The Government of Canada releases first results of environmental measures for cruise shipsCanadians have been clear that they expect a healthy environment, with clean waters and clean air—and the Government of Canada is committed to achieving these results
In April 2022, Transport Canada announced strict environmental measures for wastewater on cruise ships that exceed international standards. These measures were put in place this year as part of the restart of cruise ships entering and operating in our waters, and will help keep our oceans and environment clean.
As part of this new suite of environmental measures, the cruise industry was, and continues to be, required to document and report to Transport Canada on implementation. Compliance with the enhanced measures is also verified during formal inspections of cruise ships. The first set of results from this reporting demonstrates that the cruise ship industry has successfully implemented the new measures thus far this year.
This is significant progress towards reducing the environmental impacts of cruise ships and other vessels on the water. These strict measures, along with additional planned measures for other areas of concern, including scrubber discharges that release acidic wastewater into the ocean, will continue to help keep our waters and our environment clean.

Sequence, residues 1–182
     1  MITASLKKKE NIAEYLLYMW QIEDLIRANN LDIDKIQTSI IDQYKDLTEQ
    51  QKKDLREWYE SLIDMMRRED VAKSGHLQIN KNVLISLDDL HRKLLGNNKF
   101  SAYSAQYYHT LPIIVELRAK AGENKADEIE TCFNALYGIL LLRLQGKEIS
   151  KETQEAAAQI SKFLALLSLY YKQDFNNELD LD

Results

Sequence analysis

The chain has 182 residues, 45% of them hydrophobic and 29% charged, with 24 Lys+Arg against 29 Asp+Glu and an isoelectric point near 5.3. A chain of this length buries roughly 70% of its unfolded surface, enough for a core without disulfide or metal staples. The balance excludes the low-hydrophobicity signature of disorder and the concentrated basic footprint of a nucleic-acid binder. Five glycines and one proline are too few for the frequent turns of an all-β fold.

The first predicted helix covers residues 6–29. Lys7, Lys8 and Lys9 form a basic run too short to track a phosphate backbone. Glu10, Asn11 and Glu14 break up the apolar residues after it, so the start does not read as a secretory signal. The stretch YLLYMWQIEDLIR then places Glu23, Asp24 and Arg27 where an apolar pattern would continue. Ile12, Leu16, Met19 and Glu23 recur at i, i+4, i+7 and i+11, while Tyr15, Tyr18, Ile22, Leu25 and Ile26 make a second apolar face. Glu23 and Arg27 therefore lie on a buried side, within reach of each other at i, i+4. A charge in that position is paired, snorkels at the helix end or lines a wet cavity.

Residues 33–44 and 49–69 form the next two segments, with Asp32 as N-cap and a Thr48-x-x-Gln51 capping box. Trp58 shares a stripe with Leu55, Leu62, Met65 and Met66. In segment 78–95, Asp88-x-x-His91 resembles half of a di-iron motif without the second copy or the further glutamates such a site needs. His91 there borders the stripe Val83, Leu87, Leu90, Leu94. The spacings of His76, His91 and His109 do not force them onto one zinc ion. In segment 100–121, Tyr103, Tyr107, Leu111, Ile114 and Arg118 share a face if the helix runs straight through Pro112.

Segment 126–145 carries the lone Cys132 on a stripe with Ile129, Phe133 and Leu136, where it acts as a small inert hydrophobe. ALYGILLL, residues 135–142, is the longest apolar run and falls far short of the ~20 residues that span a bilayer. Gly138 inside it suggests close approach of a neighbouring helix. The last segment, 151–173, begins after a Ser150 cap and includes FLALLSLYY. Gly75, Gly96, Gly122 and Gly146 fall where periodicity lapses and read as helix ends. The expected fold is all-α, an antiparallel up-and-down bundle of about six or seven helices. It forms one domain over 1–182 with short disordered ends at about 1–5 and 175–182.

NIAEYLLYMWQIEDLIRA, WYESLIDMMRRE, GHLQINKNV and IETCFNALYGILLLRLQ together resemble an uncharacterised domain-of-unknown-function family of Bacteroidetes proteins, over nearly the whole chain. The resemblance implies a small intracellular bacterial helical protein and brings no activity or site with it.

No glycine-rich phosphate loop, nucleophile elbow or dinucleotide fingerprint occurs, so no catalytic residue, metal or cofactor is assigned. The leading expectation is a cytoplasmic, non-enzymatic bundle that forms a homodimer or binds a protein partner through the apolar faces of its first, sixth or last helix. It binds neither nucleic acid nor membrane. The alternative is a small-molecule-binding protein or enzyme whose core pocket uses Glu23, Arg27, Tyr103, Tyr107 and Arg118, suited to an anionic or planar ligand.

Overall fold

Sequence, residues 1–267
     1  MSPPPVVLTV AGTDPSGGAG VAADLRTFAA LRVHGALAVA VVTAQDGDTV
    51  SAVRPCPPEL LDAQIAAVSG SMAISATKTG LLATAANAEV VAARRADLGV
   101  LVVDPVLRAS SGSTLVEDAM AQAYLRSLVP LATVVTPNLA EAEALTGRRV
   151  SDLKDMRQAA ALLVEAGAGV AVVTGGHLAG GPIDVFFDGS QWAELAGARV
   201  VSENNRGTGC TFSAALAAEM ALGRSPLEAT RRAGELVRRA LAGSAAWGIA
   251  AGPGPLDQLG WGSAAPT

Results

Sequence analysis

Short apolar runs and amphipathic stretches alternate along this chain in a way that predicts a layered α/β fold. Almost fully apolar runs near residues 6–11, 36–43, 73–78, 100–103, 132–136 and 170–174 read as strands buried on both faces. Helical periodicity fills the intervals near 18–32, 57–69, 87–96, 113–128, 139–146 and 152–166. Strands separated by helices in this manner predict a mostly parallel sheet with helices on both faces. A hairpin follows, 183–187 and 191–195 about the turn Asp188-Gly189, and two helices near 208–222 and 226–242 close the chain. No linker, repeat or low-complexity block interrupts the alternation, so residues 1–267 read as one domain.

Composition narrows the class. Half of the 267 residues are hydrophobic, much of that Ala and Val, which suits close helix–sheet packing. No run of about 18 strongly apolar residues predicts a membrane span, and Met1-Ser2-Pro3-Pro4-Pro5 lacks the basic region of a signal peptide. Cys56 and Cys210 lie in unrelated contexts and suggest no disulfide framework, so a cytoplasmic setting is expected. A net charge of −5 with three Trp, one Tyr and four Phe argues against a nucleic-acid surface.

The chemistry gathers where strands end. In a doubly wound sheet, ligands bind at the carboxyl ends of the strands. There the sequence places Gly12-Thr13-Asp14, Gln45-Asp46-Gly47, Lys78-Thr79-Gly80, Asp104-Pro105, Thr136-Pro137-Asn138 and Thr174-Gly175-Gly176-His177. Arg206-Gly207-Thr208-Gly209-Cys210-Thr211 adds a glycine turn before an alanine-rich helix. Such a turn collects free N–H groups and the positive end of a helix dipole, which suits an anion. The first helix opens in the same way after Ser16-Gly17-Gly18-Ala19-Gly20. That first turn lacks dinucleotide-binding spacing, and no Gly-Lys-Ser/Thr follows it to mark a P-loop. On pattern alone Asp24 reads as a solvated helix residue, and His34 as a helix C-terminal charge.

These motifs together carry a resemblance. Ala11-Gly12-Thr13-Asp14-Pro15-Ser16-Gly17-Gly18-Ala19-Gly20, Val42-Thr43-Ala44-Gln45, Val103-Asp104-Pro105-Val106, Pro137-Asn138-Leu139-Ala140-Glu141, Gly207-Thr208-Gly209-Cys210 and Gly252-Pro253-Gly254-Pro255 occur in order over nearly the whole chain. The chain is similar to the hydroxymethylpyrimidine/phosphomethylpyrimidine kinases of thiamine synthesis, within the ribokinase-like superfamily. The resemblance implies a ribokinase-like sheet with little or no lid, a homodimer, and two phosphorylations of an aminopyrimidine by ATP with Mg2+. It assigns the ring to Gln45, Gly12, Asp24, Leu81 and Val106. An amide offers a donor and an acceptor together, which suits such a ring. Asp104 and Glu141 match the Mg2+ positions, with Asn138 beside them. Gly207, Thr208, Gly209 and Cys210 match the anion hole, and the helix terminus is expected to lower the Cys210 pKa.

These new measures are consistent with the Government of Canada’s commitment to keep marine ecosystems safe and achieve net-zero emissions by 2050.ADVERTISEMENTQuote s“Cruise ships are an important part of our economy and tourism sector, and we must all work together to reduce their impact on the environment, and keep our waters safe and clean for everyone. These new environmental measures are a first step towards making shipping cleaner and protecting our waters from coast to coast to coast.”
The Honourable Omar Alghabra Minister of Transport
“Protecting the oceans and their ecosystems is a top priority. These important measures, which exceed international standards, demonstrate how the Government of Canada is taking strong action to protect the oceans for the future. This charts a more sustainable course for the tourism industry.”
Global Luxury Travel Market Predicted to Hit $1369.1 Billion
Take a Seat at Florida’s Table with New “Foodie” Campaign More
River cruise specialists say cancellations and amendments due to low river levels in Europe are impacting consumer confidence and adding to administrative workloads.
Many lines are continuing to monitor levels and make changes to itineraries or transfer passengers between ships in low-water areas to ensure sailings can take place, as the continent endures one of the worst droughts in centuries.
Riviera Travel, Scenic, A-Rosa River Cruises, AmaWaterways, Avalon Waterways and APT confirmed they had faced challenges due to low water levels on the Danube and Rhine in recent weeks.
Phil Nuttall, chief executive of the Travel Village Group, said the agency was getting around 10 days’ notice of cancellations and itinerary changes, with some customers willing to switch but others cancelling altogether.